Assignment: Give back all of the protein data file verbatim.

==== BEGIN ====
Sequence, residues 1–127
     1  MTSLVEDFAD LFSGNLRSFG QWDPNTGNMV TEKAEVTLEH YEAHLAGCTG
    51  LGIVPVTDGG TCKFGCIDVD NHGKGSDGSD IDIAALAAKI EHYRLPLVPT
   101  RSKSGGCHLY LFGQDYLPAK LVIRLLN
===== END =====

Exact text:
Sequence, residues 1–127
     1  MTSLVEDFAD LFSGNLRSFG QWDPNTGNMV TEKAEVTLEH YEAHLAGCTG
    51  LGIVPVTDGG TCKFGCIDVD NHGKGSDGSD IDIAALAAKI EHYRLPLVPT
   101  RSKSGGCHLY LFGQDYLPAK LVIRLLN